Ignorance and Change analyses the European refugee crisis of 2015–2016 from the perspective of ignorance studies showing how the media, decision-makers and academics engaged in the projection and reification of the future in relation to the crisis, the asylum system, and the solutions that were proposed.
Why do recent crises fail to bring meaningful change? Why do we often see replication of the regimes of ignorance, inefficient knowledge and expertise practices? This book answers these questions by shifting the focus from the issue of change to our projections and expectations of what change will look like. Building on three comprehensive case studies, Poland, Hungary, and Romania, it demonstrates how ignorance and projectivity were essential for new Member States not only for managing the crisis but also for reaching a higher level of autonomy in relation to the EU.
Employing an innovative interactional approach to ignorance, it bridges ignorance studies with sociology of future and migration research. Challenging the dominant interest in defining ignorance, it moves the focus from what ignorance is to what ignorance does. It incorporates the concept of future into ignorance studies and develops notions such as “projective agency,” “reification of the future,” “projection by proxy,” and “projectors of EU asylum policies.” The book provides an erudite background, comprehensive empirical research, and original tools of analysis for graduate students, researchers, and policy makers interested in crisis studies, public policy, ignorance studies, social theory, migration studies, and sociology of the future.
Table of Contents
2. Ignorance, Unexpected Events and Crises
3. Change in the Regimes of Ignorance
4. Crisis and Ignorance
5. The European Refugee Crisis and the Ignorance of Framing
6. Projecting the European Refugee Crisis: Polish, Hungarian and Romanian Media
7. From Categories to Seeing Like Public Policy: Ignorance and Change in Poland, Hungary and Romania
Adriana Mica is an Assistant Professor at the Institute of Social Prevention and Resocialisation, University of Warsaw where she leads the Research Unit on Action and Consequences. Her research interests include sociology of possibility and ignorance, sociology of failure, unintended consequencesm, and crisis management. She is the author of Sociology as Analysis of the Unintended: From the Problem of Ignorance to the Discovery of the Possible (2018)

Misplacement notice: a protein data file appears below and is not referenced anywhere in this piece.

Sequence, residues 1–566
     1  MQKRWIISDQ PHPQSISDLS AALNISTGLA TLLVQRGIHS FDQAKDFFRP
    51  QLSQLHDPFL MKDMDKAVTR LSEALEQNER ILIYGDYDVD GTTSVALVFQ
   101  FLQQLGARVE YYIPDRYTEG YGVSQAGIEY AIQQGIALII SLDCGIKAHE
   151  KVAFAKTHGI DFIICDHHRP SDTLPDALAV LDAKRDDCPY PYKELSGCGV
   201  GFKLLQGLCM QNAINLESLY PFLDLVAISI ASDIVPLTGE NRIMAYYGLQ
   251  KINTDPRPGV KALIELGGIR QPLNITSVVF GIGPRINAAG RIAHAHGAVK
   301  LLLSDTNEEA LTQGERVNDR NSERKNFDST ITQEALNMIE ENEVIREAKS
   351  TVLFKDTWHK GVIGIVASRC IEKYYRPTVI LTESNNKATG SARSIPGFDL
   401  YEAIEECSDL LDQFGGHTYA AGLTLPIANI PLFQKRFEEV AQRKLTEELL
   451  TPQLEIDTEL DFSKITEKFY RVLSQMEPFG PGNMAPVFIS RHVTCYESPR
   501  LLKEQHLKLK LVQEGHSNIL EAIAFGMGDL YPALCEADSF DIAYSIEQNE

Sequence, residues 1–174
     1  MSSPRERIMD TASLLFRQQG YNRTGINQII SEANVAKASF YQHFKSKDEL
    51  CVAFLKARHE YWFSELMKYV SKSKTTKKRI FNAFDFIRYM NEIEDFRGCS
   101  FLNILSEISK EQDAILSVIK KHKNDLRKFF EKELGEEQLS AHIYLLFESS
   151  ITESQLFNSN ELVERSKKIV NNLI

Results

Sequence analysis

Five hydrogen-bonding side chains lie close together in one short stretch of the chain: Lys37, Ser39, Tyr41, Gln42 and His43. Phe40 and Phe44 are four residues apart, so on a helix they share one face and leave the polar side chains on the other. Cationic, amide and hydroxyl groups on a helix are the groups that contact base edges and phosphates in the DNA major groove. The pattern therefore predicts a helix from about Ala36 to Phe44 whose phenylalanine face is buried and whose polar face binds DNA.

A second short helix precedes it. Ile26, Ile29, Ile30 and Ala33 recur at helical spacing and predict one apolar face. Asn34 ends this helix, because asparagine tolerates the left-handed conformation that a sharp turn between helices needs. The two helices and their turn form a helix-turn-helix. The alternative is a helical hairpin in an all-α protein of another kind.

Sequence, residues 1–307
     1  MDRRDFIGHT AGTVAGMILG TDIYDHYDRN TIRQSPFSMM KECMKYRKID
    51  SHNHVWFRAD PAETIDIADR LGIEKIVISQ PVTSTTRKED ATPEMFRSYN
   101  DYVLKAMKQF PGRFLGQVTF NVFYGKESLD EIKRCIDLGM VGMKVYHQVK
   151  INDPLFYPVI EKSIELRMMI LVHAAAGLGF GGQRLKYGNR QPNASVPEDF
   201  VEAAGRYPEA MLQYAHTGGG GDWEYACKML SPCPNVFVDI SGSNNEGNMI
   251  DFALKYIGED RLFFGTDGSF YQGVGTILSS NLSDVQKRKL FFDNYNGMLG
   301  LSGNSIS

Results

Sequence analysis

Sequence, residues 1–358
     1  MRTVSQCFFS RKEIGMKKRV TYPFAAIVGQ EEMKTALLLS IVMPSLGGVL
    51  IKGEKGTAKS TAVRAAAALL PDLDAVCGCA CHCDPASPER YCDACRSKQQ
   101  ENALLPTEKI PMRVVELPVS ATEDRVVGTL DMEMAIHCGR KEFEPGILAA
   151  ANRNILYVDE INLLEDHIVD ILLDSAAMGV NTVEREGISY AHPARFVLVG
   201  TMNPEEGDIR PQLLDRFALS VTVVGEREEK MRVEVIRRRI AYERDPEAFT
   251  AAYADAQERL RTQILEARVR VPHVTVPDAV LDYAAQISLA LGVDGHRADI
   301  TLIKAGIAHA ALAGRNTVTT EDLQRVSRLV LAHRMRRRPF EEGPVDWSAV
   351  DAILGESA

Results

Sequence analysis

Anna Horolets is an Assistant Professor at the Institute of Ethnology and Cultural Anthropology, University of Warsaw. Her research interests include discourse analysis, Europeanization and migration studies. Her published articles have appeared in East European Politics and Societies and Leisure Sciences.
Mikołaj Pawlak is an Assistant Professor at the Institute of Social Prevention and Resocialisation, University of Warsaw where he leads the Chair of Sociology of Norms, Deviance and Social Control. His research interests cover new institutional theory, migration studies, and sociology of knowledge/ignorance. He is the author of Tying Micro and Macro: What Fills Up the Sociological Vacuum (2018).
Paweł Kubicki is an Associate Professor at the Warsaw School of Economics where he leads the Department of Social Policy. He specializes in public policy analysis, particularly in disability studies, migration studies, and social exclusion. His published articles have appeared in Canadian Journal of Disability Studies and East European Politics and Societies.
"Why did recent social crises not lead to meaningful change? The authors of this book tackle this question based on the investigation of the recent European refugee crisis and its perception in Poland, Hungary and Romania. The book is an innovative contribution in social science research with a sobering conclusion: Nothing will change as long as the path to the future is projected based on the very same principles that led to the crisis in the first place."
Jens Beckert, Max Planck Institute for the Study of Societies
"Ignorance and Change tackles the puzzle of why the many unexpected events, crises and failures that we have faced globally over the past years have so often reinforced rather than unsettling existing patterns of ignorance. In doing so, the authors demonstrate how focusing on what ignorance does rather than what it is that holds out the promise of transforming our understanding of how we respond to change and crisis. This is a powerful and important book in unsettling times."
Jacqueline Best, University of Ottawa